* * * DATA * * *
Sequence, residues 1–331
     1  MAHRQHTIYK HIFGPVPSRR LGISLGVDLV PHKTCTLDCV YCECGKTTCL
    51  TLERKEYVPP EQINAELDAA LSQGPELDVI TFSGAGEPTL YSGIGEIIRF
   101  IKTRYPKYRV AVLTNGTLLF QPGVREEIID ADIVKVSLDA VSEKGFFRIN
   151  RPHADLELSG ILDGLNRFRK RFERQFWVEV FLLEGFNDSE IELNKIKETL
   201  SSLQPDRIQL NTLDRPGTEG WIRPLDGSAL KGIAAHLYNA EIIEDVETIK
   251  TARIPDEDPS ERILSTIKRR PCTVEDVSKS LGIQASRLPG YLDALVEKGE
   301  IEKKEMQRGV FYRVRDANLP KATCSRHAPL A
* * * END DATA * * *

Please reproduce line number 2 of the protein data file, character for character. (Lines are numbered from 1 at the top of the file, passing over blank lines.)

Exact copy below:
     1  MAHRQHTIYK HIFGPVPSRR LGISLGVDLV PHKTCTLDCV YCECGKTTCL